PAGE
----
Wives Submit to Husbands?

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calgal

Puritan Board Graduate
I find it very humbling that my wife submits to me and feel the burden of that responsibility keenly. It is not to be taken lightly.

I would almost say that we err no the side of encouraging men to be too macho and running roughshod over everyone.
But that is likewise culture (in this case local), not biblical manhood. It is a perversion. Christlike manhood is realizing that we are servant leaders but with authority granted us by God, it is incredibly empowering to realize that my position in our family is God-given and God-authorized. It gives great power and authority but the burden of responsibility is likewise enormous.

Our culture is feminizing the men to where many 25 year old 'men' are nothing but giant, emasculated children and the women have been taught to be everything a woman should not be. Thankfully, we serve a sovereign God.
Exactly. And sadly this is the norm and it gives the more um aggressive ladies an excuse to say "we need to be deacons/elders" then the cycle continues ever downward.
 

ZackF

Puritan Board Graduate
Given the times we live in, I am surprised the sermon wasn't condemned as hate speech or at least accused of inciting hate.
 

calgal

Puritan Board Graduate
I agree with Montanablue, but I would add that masculinity can be defined different ways. Yes, the culture has an obsession with teaching boys and men to be "masculine" by chewing tobacco, lifting heavy objects, watching lots of football (not saying that's always bad), and being obsessed with women's bodies and mistreating women, etc. But this is not the same as taking a spiritual role of leadership in the family, being a good shepherd to his children, etc. Our culture has plenty of the former kind of masculinity, but not enough of the latter. In fact, I think the former is the culture's way of hiding the fact that they obviously have lost all real masculinity. It's a facade.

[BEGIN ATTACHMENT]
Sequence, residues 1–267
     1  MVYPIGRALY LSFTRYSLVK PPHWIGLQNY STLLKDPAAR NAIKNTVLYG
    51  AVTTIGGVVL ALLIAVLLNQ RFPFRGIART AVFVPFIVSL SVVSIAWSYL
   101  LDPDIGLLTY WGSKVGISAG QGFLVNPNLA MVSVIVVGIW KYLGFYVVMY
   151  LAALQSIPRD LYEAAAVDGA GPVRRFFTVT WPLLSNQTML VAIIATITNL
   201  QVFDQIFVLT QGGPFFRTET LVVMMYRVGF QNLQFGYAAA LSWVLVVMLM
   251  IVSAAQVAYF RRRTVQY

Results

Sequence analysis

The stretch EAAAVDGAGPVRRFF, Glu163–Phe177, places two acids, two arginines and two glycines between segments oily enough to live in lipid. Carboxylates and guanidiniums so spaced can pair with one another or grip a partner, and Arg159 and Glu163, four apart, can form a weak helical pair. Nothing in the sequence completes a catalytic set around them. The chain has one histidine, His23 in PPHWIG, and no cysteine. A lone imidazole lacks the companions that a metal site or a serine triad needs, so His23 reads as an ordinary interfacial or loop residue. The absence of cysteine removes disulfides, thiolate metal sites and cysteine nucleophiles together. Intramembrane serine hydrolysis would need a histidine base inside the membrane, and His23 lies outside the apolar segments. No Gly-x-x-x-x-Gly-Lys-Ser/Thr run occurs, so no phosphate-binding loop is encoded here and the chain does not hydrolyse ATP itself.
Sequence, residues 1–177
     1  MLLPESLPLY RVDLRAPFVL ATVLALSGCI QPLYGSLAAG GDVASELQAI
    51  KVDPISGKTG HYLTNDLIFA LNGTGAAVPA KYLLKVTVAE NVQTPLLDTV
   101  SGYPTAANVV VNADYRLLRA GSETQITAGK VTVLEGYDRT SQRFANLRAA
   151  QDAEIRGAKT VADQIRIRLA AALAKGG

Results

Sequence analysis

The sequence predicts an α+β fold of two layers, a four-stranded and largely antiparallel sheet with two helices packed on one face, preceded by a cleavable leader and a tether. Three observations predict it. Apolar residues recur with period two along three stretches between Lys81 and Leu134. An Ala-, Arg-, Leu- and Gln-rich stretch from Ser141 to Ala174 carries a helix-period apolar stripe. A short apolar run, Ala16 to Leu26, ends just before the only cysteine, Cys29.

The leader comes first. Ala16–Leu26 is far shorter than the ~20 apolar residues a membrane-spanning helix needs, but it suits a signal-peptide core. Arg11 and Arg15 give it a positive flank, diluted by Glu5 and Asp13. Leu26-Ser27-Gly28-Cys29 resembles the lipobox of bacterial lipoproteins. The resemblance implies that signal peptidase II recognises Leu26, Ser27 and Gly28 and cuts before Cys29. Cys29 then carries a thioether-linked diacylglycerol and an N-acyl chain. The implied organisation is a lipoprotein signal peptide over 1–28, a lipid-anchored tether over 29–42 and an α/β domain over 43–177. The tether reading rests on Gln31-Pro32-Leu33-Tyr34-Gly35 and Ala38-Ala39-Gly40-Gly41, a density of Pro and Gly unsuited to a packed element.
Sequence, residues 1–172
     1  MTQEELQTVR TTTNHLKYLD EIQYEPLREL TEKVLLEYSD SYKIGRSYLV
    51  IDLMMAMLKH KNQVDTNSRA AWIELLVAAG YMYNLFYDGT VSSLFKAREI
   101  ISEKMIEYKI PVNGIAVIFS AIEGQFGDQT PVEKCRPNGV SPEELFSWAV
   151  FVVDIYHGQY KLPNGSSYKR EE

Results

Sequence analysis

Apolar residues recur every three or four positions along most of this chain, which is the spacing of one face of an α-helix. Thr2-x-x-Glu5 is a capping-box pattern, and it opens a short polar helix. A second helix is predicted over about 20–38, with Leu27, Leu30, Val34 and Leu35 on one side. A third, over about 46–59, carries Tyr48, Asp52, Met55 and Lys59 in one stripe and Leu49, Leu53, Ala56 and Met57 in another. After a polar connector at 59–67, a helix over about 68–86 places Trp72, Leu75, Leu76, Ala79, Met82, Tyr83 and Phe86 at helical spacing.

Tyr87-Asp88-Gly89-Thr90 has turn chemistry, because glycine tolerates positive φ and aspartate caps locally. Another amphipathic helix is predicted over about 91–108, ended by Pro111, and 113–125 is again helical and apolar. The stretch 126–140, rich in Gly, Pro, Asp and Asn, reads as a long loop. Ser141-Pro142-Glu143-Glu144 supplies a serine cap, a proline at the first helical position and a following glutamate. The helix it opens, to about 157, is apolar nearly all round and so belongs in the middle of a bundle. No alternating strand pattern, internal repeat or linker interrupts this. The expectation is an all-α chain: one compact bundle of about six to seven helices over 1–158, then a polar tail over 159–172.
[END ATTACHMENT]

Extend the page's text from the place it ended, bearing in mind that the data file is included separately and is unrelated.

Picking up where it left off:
Being a leader is NOT being abusive, not being nasty and not ordering ones wife and kids around nor is it nagging the daylights out of ones husband and disrespecting him in public and in private That never.ever.ends.well. On a more positive note, a friend of ours and a long time minister gave us some very useful advice about practical headship: In their family, they discuss what they want to do and his wife has input in decisions but he makes the final call.
 

au5t1n

Puritan Board Post-Graduate
I agree with Montanablue, but I would add that masculinity can be defined different ways. Yes, the culture has an obsession with teaching boys and men to be "masculine" by chewing tobacco, lifting heavy objects, watching lots of football (not saying that's always bad), and being obsessed with women's bodies and mistreating women, etc. But this is not the same as taking a spiritual role of leadership in the family, being a good shepherd to his children, etc. Our culture has plenty of the former kind of masculinity, but not enough of the latter. In fact, I think the former is the culture's way of hiding the fact that they obviously have lost all real masculinity. It's a facade.
Being a leader is NOT being abusive, not being nasty and not ordering ones wife and kids around. A friend of ours and a long time minister gave us some very useful advice about practical headship: In their family, they discuss what they want to do and his wife has input in decisions but he makes the final call.
Yes, the world has seen enough of husbands and fathers like your first sentence.
 

calgal

Puritan Board Graduate
I agree with Montanablue, but I would add that masculinity can be defined different ways. Yes, the culture has an obsession with teaching boys and men to be "masculine" by chewing tobacco, lifting heavy objects, watching lots of football (not saying that's always bad), and being obsessed with women's bodies and mistreating women, etc. But this is not the same as taking a spiritual role of leadership in the family, being a good shepherd to his children, etc. Our culture has plenty of the former kind of masculinity, but not enough of the latter. In fact, I think the former is the culture's way of hiding the fact that they obviously have lost all real masculinity. It's a facade.
Being a leader is NOT being abusive, not being nasty and not ordering ones wife and kids around. A friend of ours and a long time minister gave us some very useful advice about practical headship: In their family, they discuss what they want to do and his wife has input in decisions but he makes the final call.